Different stages

Know that man’s essence, in his original condition, is created in blank simplicity without any information about the world’s of God. Man gets his information about the world’s by means of perception. Man is created with the sense of touch, of sight, of sense, of hearing, of taste, and of intellect.

Beyond the state of intellect there is another stage. In this stage another eye is opened, by which man sees the hidden, and what will take place in the future, and other things, from which the intellect is as far removed as the power of discernment is from the perception of intelligibles and the power of sensation is from things perceived by discernment.

The very essence of ignorance is for a man to have no supporting reason except that it is a stage he himself has not attained and for him it does not exist; so he supposed that it does not exist in itself.

Now if a man born blind did not know about colors and shapes from constant report and hearsay, and were to be told about them abruptly, he would either understand them nor acknowledge their existence. But God has brought the matter within the purview of His creatures by giving them a sample of the special character of the prophetic power: sleeping. For the sleeper perceives the unknown that will take place, either plainly, or in the guise of an image the meaning if which is disclosed by interpretation.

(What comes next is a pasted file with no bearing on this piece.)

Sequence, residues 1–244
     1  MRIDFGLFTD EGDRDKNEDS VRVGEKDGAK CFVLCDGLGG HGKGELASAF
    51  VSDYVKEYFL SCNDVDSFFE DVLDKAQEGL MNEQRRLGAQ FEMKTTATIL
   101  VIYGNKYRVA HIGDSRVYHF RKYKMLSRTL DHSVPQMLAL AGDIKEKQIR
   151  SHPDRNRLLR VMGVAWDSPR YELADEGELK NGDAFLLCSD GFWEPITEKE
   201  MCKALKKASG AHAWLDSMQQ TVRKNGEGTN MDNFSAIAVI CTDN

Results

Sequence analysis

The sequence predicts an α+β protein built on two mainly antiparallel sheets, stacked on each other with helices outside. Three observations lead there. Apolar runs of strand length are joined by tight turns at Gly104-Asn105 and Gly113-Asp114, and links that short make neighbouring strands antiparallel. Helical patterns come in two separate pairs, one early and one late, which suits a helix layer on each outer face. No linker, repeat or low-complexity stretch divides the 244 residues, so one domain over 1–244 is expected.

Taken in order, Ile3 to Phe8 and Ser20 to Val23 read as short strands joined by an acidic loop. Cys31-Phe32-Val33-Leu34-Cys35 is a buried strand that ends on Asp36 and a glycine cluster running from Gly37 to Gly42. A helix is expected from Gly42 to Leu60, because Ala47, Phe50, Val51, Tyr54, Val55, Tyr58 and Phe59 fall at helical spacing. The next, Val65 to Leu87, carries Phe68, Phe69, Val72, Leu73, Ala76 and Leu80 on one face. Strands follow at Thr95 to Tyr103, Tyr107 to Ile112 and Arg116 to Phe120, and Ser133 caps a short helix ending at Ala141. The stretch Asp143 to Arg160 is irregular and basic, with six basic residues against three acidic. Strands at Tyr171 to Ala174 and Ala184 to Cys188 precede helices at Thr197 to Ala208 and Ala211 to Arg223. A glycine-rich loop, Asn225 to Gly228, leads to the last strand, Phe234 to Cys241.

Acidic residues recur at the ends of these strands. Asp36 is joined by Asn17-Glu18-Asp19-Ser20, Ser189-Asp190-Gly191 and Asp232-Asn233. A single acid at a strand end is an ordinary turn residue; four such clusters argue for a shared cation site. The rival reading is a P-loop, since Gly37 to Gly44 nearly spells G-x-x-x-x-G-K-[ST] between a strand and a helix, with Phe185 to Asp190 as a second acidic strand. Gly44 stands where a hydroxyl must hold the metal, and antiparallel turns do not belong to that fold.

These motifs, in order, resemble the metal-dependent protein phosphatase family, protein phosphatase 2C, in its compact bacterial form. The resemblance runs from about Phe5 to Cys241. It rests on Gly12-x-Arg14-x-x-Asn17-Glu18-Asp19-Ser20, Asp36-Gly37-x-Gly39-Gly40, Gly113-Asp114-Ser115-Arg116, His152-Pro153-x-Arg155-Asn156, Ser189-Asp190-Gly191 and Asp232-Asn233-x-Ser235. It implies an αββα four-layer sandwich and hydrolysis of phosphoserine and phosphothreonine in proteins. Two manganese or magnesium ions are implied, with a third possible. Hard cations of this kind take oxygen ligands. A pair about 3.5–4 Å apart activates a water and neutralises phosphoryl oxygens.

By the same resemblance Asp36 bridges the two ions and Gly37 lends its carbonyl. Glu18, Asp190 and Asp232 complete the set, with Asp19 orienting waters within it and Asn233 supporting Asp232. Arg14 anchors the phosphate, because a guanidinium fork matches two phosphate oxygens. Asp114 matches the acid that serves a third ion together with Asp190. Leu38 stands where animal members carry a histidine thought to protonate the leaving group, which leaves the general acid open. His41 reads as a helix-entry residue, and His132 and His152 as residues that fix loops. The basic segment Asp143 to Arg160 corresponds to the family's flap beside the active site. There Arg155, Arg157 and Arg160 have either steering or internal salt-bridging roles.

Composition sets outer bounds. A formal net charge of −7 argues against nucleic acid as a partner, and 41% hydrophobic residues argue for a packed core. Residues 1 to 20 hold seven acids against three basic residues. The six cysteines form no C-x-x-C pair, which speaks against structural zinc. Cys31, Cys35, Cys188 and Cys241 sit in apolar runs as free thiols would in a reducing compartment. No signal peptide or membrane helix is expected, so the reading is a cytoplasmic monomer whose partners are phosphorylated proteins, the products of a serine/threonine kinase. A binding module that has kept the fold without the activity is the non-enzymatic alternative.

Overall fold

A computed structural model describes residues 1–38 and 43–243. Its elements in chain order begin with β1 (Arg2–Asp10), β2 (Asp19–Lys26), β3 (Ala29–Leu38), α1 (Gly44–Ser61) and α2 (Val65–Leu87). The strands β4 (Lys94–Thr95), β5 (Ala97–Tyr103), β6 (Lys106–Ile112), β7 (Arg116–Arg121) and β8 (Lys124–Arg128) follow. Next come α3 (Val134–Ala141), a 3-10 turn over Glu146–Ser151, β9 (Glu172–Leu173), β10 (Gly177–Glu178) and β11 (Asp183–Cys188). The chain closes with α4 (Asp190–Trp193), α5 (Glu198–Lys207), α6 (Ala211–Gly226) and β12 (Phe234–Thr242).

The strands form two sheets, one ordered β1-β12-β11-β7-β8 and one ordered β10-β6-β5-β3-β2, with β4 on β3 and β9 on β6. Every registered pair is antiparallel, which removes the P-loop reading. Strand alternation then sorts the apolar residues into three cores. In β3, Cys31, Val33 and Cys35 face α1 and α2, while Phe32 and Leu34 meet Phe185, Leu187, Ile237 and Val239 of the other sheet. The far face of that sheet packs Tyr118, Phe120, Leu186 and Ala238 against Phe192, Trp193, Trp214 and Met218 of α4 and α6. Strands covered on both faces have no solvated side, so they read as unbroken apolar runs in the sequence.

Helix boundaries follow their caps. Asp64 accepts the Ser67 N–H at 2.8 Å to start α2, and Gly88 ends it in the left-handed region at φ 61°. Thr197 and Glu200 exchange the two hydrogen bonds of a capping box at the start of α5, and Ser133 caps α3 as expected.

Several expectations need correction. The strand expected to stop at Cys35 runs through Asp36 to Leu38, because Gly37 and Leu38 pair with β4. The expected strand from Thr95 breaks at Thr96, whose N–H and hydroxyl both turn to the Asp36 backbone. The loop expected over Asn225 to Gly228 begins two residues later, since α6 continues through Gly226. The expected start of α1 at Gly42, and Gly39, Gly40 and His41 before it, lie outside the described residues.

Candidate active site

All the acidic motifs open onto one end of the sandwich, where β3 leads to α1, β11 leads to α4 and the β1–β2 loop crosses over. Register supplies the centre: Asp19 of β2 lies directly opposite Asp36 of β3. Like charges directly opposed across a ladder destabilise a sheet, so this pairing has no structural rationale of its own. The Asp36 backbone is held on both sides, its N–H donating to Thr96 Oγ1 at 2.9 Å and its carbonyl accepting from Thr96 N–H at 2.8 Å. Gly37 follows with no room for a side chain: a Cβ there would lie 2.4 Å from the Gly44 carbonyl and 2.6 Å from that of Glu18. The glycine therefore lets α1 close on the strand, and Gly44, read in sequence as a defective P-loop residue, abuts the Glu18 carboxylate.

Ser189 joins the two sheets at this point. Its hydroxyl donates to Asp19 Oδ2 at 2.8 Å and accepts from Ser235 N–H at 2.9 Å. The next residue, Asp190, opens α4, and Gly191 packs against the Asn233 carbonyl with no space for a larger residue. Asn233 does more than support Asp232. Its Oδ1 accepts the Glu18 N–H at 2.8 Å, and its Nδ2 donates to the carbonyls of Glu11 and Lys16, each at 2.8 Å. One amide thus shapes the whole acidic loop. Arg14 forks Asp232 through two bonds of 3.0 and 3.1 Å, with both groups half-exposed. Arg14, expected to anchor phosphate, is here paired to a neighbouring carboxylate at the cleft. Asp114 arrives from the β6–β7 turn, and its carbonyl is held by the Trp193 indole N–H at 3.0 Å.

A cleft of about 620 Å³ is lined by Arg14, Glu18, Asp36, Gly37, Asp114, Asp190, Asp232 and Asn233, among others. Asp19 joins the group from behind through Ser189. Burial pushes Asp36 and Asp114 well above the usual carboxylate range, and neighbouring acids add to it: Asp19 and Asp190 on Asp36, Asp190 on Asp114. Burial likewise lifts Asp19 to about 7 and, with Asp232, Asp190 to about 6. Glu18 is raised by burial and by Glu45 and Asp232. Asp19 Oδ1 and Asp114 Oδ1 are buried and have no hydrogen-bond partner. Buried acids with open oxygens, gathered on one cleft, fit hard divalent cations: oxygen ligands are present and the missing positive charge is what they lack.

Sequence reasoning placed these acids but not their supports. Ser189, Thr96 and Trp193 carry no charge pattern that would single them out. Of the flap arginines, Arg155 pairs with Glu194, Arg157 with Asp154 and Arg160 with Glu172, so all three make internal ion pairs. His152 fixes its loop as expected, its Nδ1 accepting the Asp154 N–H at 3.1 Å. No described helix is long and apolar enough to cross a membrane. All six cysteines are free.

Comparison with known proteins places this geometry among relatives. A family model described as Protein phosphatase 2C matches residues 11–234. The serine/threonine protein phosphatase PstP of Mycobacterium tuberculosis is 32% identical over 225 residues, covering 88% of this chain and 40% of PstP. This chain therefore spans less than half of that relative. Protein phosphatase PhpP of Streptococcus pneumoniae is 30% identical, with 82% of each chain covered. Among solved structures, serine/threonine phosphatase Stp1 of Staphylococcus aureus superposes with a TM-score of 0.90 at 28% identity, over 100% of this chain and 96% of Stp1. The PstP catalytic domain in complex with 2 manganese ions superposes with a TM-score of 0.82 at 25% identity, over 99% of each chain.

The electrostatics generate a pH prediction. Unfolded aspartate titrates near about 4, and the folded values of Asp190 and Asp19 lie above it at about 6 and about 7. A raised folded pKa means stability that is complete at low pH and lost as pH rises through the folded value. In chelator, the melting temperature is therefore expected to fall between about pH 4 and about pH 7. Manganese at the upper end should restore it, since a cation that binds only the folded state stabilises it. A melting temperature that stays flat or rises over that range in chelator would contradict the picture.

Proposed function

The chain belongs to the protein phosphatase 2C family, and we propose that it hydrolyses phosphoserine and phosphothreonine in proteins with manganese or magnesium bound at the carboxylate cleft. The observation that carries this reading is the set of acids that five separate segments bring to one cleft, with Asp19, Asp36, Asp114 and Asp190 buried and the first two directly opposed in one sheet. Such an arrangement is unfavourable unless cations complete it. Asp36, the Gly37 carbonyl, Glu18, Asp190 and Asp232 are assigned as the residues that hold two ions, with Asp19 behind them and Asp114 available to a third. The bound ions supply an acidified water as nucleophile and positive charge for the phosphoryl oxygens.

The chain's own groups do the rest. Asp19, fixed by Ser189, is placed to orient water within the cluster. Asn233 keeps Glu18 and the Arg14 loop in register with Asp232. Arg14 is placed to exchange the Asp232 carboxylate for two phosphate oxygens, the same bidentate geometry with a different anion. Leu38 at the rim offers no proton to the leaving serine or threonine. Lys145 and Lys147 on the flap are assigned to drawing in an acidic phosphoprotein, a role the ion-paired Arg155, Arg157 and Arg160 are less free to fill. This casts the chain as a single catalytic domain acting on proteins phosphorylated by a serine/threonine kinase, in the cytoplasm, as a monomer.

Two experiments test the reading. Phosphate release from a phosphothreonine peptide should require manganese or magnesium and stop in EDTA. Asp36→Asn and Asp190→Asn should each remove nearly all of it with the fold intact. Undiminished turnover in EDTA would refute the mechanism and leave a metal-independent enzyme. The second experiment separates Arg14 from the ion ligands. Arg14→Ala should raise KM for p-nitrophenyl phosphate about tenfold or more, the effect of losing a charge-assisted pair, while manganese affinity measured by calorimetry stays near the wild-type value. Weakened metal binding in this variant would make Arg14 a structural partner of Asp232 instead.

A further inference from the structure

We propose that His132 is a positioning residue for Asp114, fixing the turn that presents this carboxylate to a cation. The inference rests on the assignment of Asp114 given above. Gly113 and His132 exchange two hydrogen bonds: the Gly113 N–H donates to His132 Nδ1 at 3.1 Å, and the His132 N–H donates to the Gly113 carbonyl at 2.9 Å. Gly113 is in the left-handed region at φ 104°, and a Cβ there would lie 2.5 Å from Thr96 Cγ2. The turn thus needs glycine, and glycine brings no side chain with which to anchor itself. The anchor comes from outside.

If a man had no personal experience of dreaming and someone were to tell him: “There are some men who fall down unconscious as though they were dead, and their perception, hearing, and sight leave them, and they then perceive what is “hidden,” he would deny it and give apodeictic proof of its impossibility by saying: “The sensory powers are the causes of perception. Therefore one who does not perceive such things when his powers are present and functioning a fortiori will not perceive them when his powers are suspended.”